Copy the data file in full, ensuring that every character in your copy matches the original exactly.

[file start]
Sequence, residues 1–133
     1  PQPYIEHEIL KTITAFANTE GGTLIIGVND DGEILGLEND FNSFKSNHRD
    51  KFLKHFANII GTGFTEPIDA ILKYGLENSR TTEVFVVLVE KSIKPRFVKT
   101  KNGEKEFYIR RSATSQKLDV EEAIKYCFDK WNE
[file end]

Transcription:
Sequence, residues 1–133
     1  PQPYIEHEIL KTITAFANTE GGTLIIGVND DGEILGLEND FNSFKSNHRD
    51  KFLKHFANII GTGFTEPIDA ILKYGLENSR TTEVFVVLVE KSIKPRFVKT
   101  KNGEKEFYIR RSATSQKLDV EEAIKYCFDK WNE